If a company doesn’t align itself with its mission, some employees will work toward one thing while other employees are working toward another. For example, the manufacturing team might buy a new, expensive machine for a new product while the mission and vision are geared toward a different, existing product. This type of misalignment can cause your company to lose valuable capital – from both the productivity of your people and the actual cost associated with the mistake.

Senior leaders are your keepers of the baton. They must be accountable for making sure employees’ work continues to support the mission and vision day after day. As it trickles down, the accounting team’s part will be different than the service team’s part. But each team needs to know what their share is and why it’s important so they can make appropriate decisions.

5. Keep it top of mind

Once you’ve rolled out your new mission, vision and values, how can you keep them front and center? Here are a few ideas worth considering:

Climate surveys

Ask questions about mission, vision and values in a climate survey to see where your staff stands. For example, include questions like “Do you know what the company’s mission is?” Or, “Do you know how you contribute to the company’s mission?” to get started. If you find that your employees’ answers are inconsistent or inaccurate, you’ll need to help them better understand how to contribute.

Decision making

When a company outlines its mission, everything and everyone begins to head in the same direction. It becomes easier to spot what’s working and what isn’t – you begin to see outliers. For example, say a new program is having issues. Ask: Is this something we need to reach our mission? If it’s not, it may not be something to focus on at this time. It could be put on the to-do list for later.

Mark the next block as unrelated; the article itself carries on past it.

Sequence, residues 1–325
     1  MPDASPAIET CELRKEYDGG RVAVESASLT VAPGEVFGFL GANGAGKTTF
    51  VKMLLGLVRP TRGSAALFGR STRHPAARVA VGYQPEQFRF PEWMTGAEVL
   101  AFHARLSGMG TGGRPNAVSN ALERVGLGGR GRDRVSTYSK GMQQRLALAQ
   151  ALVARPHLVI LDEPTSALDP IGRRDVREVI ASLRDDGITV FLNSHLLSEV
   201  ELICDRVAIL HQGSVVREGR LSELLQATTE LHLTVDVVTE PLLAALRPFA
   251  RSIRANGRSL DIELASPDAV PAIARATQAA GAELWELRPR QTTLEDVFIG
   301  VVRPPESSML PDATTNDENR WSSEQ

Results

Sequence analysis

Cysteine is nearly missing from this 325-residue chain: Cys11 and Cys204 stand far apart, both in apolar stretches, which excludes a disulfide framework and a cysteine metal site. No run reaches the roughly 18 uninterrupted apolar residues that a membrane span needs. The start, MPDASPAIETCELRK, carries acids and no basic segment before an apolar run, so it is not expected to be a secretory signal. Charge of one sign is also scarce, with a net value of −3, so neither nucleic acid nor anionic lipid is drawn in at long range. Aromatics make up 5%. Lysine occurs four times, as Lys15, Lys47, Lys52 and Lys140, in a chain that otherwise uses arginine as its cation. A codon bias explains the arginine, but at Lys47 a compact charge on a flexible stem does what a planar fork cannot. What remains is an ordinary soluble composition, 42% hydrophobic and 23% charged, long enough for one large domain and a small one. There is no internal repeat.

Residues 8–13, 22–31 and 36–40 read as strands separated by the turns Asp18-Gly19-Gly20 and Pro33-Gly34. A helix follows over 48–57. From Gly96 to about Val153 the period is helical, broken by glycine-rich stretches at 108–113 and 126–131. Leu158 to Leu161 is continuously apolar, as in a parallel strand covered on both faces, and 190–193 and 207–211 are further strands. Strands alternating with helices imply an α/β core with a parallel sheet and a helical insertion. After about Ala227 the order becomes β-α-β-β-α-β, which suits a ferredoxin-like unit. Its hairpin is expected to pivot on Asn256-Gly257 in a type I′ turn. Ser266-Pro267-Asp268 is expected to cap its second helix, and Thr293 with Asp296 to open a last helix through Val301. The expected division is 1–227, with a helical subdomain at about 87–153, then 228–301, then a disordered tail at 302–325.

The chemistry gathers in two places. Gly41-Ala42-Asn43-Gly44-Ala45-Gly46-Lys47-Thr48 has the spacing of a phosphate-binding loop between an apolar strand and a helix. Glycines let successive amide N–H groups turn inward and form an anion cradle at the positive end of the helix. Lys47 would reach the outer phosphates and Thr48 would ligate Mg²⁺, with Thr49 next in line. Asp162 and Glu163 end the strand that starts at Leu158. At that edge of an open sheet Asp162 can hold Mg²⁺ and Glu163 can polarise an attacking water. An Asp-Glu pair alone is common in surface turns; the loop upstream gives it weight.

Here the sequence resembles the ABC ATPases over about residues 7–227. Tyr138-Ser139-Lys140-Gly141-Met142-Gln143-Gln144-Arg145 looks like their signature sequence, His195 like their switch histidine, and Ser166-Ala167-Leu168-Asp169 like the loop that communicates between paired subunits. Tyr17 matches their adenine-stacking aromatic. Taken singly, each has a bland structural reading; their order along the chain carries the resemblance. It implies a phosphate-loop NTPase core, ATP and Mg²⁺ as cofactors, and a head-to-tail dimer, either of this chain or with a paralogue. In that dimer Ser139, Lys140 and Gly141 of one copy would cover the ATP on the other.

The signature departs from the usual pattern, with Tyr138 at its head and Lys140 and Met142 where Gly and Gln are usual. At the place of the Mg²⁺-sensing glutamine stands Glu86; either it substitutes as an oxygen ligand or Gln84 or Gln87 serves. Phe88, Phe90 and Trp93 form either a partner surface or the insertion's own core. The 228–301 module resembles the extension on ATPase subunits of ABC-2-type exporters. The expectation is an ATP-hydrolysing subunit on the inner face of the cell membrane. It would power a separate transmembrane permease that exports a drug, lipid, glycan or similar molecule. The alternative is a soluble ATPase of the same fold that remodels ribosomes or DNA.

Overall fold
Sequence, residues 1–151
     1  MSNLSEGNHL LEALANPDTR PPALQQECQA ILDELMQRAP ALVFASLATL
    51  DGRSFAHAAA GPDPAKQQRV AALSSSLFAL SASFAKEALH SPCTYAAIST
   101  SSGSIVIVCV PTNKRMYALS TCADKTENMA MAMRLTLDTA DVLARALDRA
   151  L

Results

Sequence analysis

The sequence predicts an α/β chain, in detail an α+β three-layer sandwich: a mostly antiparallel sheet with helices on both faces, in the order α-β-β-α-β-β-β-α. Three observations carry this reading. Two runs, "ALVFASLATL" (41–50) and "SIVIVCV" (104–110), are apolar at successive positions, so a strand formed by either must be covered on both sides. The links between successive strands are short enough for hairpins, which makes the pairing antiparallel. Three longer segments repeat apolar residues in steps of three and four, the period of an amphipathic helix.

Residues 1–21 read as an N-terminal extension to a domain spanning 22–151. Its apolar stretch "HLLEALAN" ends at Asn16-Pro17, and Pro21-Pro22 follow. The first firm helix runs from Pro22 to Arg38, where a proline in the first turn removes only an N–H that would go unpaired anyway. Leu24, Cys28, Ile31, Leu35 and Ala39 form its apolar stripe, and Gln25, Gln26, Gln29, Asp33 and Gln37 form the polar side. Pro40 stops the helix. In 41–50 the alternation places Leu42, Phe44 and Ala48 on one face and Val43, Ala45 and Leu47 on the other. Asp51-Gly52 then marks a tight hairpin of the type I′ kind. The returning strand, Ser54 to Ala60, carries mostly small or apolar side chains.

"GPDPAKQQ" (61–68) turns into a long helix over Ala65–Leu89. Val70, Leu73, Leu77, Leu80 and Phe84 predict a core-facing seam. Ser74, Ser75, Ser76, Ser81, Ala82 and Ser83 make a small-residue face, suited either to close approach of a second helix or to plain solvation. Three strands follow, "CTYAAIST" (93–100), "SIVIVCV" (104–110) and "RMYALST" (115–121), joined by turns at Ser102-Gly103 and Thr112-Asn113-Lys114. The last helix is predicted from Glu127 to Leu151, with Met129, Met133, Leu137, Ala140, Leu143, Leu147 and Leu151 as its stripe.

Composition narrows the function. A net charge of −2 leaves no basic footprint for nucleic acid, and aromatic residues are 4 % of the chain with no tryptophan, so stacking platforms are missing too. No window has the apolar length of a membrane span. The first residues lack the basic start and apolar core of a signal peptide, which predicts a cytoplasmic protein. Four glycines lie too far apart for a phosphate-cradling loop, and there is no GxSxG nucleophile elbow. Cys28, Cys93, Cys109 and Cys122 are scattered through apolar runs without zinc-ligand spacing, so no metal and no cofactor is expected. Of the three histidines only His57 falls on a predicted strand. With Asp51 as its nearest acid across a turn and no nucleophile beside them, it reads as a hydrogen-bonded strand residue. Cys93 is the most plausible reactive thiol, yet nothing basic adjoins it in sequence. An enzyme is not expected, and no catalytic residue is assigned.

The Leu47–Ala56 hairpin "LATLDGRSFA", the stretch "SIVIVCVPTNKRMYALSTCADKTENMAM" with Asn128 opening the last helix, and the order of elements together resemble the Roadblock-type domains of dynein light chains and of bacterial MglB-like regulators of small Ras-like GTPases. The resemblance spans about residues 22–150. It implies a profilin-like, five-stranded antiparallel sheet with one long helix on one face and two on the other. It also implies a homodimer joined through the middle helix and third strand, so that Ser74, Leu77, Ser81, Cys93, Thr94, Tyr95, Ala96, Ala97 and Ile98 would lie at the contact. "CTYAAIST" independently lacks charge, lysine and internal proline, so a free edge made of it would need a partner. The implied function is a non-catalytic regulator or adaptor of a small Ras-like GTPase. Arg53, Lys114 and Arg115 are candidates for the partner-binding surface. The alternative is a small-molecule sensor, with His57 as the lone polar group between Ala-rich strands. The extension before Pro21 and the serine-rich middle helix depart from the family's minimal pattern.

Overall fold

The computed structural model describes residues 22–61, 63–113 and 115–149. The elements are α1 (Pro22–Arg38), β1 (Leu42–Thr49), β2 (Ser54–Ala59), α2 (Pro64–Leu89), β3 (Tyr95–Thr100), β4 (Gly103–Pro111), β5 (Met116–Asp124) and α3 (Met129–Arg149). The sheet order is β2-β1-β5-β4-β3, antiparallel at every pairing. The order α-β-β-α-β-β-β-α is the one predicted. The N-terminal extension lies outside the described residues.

Company-wide meetings

To keep employees engaged, regularly share news about how the company is striving to reach the mission and vision. Not only is a well-informed workplace much happier and more productive, but this also helps the entire organization keep an eye on the prize.

Individual goals

Managers should meet employees where they are. By analyzing what the employee does, and how he or she helps achieve the company’s mission and vision, managers can make it more relevant to the individual. Employees who clearly understand their piece of the pie find more meaning in their work and stay more engaged.

Regular meetings with direct reports

Weekly or monthly meetings help managers develop a good relationship with their direct reports. These meetings also help ensure an employee isn’t out of alignment for months before it’s discovered.

Difficult conversations

When difficult conversations have to occur, look to the company’s mission or vision to steer your talk. For example, in a manufacturing environment, you might say: “Our mission revolves around quality, and people trust that about us. This week, there were several instances of poor quality products being put out there. Not only does this not meet our standard, but you have to understand the message this sends our customers.” Sometimes you have the wrong person in the job, and other times, an employee just needs to have it brought to their attention.

Skip level meetings

As companies get larger, messages can occasionally get lost in translation. Skip level interviews – where employees meet with their boss’s boss – can help ensure the messages are being passed down the chain effectively.


Keep employees aware of how they’re doing, and reward them for good work. For example, if client retention is important, it might mean rewarding an employee who did everything they could in a difficult situation to keep a client happy. Make sure rewards are linked to the mission and vision.